One of the reasons many reliability and maintenance improvement initiatives fail to deliver sustaining results is lack of teamwork between and within departments. It is still common that operations and maintenance do not work as the team they should be. The engineering department is sometimes described as “the black hole” by the maintenance staff. “This is where we send drawings to be updated, and we never see them again” is not an uncommon comment.

It is a given that all people in a plant should work for the same goal: to competitively manufacture a quality product on time. This could be measured in overall production efficiency or production reliability or prime tons/cost. If this overall measurement would be applied to all departments and coupled with each department’s measurement and reward systems, an organization stands a better chance to work in collaboration toward the same goal. This is, however, not always the case, so why is it so?

Ask yourselves what the most important accomplishment is for a:

  • Project manager
  • Operations manager
  • Maintenance manager
  • Storeroom manager

A project manager is rewarded if a project is done on time and at lowest cost. Lowest cost does seldom include the future total cost of ownership. Therefore, you might end up with substandard equipment, no documentation or relevant training in operating and maintaining equipment, etc. This will result in higher operations and maintenance costs. But that is not the project manager’s problem!

An operations manager is rewarded if quality production throughput is improved (improved reliability) and if operations costs are down. Maintenance costs are not always the responsibility of the operations manager.

A maintenance manager is rewarded if maintenance costs are going down. Of course, everybody knows that the right thing to say is “it is more important to keep equipment running.” But many maintenance managers will agree that they might be in more trouble if they overspend the maintenance budget than if the equipment reliability suffered.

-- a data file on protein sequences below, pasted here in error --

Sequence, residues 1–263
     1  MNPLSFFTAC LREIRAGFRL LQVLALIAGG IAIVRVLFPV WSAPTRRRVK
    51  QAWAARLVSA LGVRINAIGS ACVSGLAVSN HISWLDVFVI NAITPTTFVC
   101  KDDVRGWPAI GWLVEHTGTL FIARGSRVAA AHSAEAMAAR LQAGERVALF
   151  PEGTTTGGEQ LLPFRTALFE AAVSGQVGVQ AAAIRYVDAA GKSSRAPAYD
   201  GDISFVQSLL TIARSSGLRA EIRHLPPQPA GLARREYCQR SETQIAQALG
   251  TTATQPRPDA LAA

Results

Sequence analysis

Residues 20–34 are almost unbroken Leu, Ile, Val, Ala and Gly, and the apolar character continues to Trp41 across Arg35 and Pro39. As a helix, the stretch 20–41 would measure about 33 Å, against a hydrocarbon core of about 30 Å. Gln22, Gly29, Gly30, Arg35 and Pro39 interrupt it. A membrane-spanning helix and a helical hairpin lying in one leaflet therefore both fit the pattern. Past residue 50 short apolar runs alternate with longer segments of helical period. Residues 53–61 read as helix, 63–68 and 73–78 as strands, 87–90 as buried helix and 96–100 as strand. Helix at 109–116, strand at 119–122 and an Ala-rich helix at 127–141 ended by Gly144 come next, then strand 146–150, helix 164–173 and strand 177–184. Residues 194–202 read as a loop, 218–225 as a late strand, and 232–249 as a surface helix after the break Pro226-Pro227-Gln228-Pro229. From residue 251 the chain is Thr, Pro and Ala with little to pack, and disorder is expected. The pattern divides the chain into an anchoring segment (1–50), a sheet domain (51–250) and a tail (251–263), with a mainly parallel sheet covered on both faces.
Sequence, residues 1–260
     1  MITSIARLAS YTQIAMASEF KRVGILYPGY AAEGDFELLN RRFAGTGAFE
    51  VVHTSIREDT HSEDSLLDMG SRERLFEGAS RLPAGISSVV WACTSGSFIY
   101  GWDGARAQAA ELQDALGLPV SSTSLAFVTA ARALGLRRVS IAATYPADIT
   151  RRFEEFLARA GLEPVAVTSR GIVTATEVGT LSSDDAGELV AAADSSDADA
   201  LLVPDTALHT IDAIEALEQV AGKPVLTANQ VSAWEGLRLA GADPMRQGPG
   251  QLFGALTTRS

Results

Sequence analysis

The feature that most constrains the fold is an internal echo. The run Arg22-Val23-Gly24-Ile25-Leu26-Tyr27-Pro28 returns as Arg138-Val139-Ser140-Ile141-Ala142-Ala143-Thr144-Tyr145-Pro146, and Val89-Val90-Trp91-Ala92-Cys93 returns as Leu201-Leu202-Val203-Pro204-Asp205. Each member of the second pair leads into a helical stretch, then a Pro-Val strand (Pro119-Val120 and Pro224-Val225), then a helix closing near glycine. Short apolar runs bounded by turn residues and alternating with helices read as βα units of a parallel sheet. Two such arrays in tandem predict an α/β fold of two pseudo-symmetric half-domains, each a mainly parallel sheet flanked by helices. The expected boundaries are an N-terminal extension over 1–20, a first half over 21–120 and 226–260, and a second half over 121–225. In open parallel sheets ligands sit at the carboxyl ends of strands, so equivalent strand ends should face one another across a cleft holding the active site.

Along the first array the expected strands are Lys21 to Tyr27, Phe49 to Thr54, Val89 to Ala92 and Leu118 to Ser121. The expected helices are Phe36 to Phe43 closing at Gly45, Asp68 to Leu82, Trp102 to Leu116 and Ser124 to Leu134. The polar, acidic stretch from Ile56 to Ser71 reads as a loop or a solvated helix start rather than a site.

A storeroom manager is rewarded if he/she manages to lower inventory value. This often leads to that the value of what is kept in store is going down, but because people start keeping their own stores in areas, the total cost for spare parts and material is going up. This is hidden in maintenance costs. Waste in the form of downtime and waiting time for maintenance people because of missing spare parts and material is also hidden in other departments.

The above examples are common and these reward systems do not impel true and necessary collaboration between departments.

If an organization is serious about a closer integration between departments, the rewards systems must be designed to drive everybody’s actions and performance toward the same goal and rewards.

I like to offer some examples:

Results measurements
All results are outcomes of actions.
Operations, maintenance, engineering and stores are all measured and rewarded by overall production efficiency (production reliability) and total manufacturing costs.

Action measurements
Mean time between breaks (MTBB) for a paper machine. Joint measurement between operations and maintenance.
Trend of average vibration level. Joint measurement between operations and maintenance. Measures operating practices as well as execution of precision maintenance.
Trend of average life of common components such as pumps, motors, rotary steam joints. Measures operating practices as well as execution of precision maintenance.
Scheduled to unscheduled shutdowns – not divided by department. Joint measurement between operations and maintenance.
Maintenance scheduling compliance for shutdowns and weekly/daily joint measurement between operations and maintenance. Measures how well operations and maintenance communicate and execute agreed-upon disciplines.

Many more examples can be given. As can be seen above, traditional maintenance measurements are suggested being joint measurements. The causes of paper breaks, high vibration levels, short component lives, poor shutdown performance, etc., are very seldom only maintenance- or operations-related. These indicators should, therefore, be a measurement on how well these departments work together, and be used as tools to encourage collaboration between departments.